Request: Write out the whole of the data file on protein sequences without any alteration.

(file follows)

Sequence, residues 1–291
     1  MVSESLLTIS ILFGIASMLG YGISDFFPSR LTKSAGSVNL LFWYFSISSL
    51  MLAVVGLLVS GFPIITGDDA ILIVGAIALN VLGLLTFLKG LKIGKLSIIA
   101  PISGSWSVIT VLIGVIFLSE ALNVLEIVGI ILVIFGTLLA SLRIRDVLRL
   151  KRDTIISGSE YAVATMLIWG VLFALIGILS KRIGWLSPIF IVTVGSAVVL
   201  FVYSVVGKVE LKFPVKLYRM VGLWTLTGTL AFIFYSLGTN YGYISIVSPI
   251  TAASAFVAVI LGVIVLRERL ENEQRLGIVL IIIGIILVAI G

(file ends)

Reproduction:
Sequence, residues 1–291
     1  MVSESLLTIS ILFGIASMLG YGISDFFPSR LTKSAGSVNL LFWYFSISSL
    51  MLAVVGLLVS GFPIITGDDA ILIVGAIALN VLGLLTFLKG LKIGKLSIIA
   101  PISGSWSVIT VLIGVIFLSE ALNVLEIVGI ILVIFGTLLA SLRIRDVLRL
   151  KRDTIISGSE YAVATMLIWG VLFALIGILS KRIGWLSPIF IVTVGSAVVL
   201  FVYSVVGKVE LKFPVKLYRM VGLWTLTGTL AFIFYSLGTN YGYISIVSPI
   251  TAASAFVAVI LGVIVLRERL ENEQRLGIVL IIIGIILVAI G